Art Through Time: A Global View
Cosmology and Belief Art: Te wehenga o Rangi Raua ko Papa (The Separation of Rangi and Papa)
Cliff Whiting’s Te wehenga o Rangi Raua ko Papa (The Separation of Rangi and Papa) represents a key event in the Maori story of creation.
According to the myth, of which variants exist across the Pacific Islands, the universe began as a great void of nothingness (Te Kore), from which the darkness (Te Po) came into being. Out of this darkness, two primordial figures—Rangi and Papa—were born. Rangi and Papa procreated, but their children were trapped in the darkness of their tight embrace. Seeking to escape this suffocating darkness, the six sons of Rangi and Papa debated whether to kill their parents, but in the end, settled on separating the two. After all of his brothers tried unsuccessfully to pry the two apart, Tane took his turn. Pushing in both directions he finally succeeded in breaking the embrace. He pushed Rangi up above, where he became the Sky and Father. Papa went down below, where she became the Earth Mother and the World of Light (Te Ao Mārama) came into being. The six brothers populated the world with all manner of beings and became the gods.
Whiting’s mural focuses on the gods, each of whom is depicted with raised arms in his attempt to separate Rangi and Papa. Tane, surrounded by a bright, sun-like aura, is the largest of the group as befits his central role in the separation and later as the creator of human beings. Tane has further significance here as well. As the god of the forest, he is intimately linked to the work of art itself, which is not a painting as it might first appear, but a carving in wood to which paint has been applied.
In the past, images of the creation often appeared in the decoration of Maori community houses and war canoe prows. In both places, representations of the myth would serve to remind Maori viewers of their common origin, descended by way of local ancestors from the gods. Whiting’s work was also created for a public, communal space—the reading room at the National Library at Wellington in New Zealand. By applying a modern aesthetic to a traditional Maori form (carved and painted wood), Whiting, an artist and educator, updates the creation myth in a way that is relevant to a contemporary audience.
Anne D’Alleva, Associate Professor of Art History, University of Connecticut
“If we talk about certain Polynesian cultures, there is a spirit world that is populated by the gods and by the ancestors. And they are also present in our world. They can come here, they can be with us, and they are made present and embodied here through artworks.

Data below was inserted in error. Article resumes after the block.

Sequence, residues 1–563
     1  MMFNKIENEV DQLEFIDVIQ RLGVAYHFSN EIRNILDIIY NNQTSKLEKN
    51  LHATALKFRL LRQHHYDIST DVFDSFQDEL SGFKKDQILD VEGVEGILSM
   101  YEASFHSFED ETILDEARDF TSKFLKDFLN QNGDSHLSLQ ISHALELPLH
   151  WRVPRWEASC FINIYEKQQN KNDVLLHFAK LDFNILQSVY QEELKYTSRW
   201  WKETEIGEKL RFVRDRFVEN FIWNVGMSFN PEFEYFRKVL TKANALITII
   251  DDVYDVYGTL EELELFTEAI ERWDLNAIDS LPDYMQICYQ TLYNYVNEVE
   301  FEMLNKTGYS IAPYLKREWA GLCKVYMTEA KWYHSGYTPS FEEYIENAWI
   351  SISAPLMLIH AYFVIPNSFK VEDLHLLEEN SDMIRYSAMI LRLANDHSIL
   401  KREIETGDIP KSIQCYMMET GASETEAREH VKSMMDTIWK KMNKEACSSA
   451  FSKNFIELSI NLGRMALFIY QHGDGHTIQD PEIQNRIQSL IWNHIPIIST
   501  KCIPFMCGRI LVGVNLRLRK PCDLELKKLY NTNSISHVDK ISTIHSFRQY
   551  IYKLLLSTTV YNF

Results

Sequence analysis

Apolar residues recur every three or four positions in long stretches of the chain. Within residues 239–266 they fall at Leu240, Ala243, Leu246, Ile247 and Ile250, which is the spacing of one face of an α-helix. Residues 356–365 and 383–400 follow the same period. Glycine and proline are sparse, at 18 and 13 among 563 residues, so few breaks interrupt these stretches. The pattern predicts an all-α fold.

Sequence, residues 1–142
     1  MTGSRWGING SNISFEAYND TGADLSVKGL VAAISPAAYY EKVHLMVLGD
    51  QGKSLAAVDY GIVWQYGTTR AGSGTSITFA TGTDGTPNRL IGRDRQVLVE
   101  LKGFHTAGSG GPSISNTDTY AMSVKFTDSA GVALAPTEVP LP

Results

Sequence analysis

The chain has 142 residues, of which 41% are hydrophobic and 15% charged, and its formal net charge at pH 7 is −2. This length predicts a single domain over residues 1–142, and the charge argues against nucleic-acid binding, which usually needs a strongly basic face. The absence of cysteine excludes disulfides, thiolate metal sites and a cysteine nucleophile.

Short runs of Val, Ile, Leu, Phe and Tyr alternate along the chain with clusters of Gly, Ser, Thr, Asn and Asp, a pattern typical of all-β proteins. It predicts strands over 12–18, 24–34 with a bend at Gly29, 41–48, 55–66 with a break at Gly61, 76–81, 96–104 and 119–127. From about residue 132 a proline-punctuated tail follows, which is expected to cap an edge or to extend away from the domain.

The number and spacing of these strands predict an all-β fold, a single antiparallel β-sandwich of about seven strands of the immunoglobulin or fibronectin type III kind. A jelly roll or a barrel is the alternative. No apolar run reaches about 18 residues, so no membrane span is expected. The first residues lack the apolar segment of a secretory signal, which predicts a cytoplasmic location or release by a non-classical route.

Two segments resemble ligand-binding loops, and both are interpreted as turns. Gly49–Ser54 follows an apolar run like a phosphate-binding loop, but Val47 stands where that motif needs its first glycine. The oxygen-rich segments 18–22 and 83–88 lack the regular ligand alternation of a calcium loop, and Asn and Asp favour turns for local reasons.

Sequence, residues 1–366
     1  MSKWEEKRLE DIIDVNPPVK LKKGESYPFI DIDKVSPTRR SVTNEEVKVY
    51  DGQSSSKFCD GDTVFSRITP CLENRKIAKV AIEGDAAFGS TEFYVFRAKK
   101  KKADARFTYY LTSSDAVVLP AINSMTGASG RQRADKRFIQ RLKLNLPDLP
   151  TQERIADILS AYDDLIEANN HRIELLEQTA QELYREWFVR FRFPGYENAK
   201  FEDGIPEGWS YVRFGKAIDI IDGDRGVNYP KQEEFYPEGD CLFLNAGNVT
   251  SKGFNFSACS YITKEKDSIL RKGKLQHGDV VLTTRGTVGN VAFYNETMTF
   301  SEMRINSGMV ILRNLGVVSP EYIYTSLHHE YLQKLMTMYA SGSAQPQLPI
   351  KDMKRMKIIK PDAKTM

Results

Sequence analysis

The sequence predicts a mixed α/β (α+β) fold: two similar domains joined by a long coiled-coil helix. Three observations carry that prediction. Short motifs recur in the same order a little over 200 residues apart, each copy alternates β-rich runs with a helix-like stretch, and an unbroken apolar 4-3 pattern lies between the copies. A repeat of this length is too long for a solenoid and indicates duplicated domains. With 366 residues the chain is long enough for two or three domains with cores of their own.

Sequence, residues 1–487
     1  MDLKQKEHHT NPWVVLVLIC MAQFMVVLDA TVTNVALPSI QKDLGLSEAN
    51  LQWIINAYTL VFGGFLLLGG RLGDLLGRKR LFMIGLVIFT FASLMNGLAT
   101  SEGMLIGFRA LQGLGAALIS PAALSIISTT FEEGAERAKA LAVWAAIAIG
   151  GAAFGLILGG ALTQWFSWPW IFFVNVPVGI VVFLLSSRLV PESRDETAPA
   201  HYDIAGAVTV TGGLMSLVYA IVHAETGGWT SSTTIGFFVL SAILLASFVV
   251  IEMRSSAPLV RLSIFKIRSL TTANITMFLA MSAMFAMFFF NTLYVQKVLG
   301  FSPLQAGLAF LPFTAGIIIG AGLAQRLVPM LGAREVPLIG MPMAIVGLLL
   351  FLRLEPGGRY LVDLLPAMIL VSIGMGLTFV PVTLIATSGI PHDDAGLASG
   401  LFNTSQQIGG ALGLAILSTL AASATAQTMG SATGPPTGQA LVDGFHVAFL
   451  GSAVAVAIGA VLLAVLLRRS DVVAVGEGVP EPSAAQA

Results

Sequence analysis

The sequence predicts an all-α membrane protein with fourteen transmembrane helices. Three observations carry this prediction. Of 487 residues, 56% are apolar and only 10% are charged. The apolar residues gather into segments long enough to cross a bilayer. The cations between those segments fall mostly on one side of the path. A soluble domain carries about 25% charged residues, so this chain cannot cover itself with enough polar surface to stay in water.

In Polynesian cultures, there’s a wonderful creation story that exists in different versions. I can tell you the basic outline of the story, which is that there is the earth mother, Papa, and the sky father, Rangi, and they are tightly locked in an embrace. And, in fact, their children are suffocating, they are caught between their parents, and they are trying to figure out a way to separate their parents. And one of them says, We should kill both of them. And they argue over this and they figure out that that’s not the right thing to do. And then, finally, Tane, who ultimately becomes a very important god, says that what he is going to do—and Tane is also the word for man and for human beings—Tane says, ‘No,’ he is going to separate his parents. So he takes all his strength and he gathers up all his strength and he pushes. And he pushes and pushes and pushes. And he finally pries them apart and he pushes Rangi, the sky father, up into the sky and then Papa is the earth mother. And the two of them are very upset that this has happened. And Rangi cries tears, which, of course, become the rain. He cries tears that this has happened. But it was necessary to separate the parents and to free the children. And the children then go on to become the gods and, ultimately, the ancestors of human beings.
In different island groups and different—even within New Zealand, for example, there are different versions of this story that exist—but it’s a story that is very important, it’s a very important religious story that you see portrayed again and again in various places. So Maori canoe prows, for example, are one place that you see this portrayed. And you can understand that because when warriors go forth on these large carved out war canoes of the tribe of the people, that’s their warriors going forth. That’s the tribe going forth. So this reminder of where they came from, their primordial origins, is very important.”
D’Alleva, Anne. Arts of the Pacific Islands. New York: Harry N. Abrams, 1998.
Davidson, Janet M., et al. Maori: Art and Culture, 2nd ed. London: British Museum Press, 1998.
MacLagan, David. Creation Myths: Man’s Introduction to the World (Art & Imagination). London: Thames & Hudson, 1977.
Mead, Sidney, et al. TE MAORI. Maori Art from New Zealand Collections. New York: Harry N. Abrams in association with the American Federation of Arts, 1984.
Skinner, Damien. The Carver and the Artist: Maori Art in the Twentieth Century. Auckland: University of Auckland Press, 2008.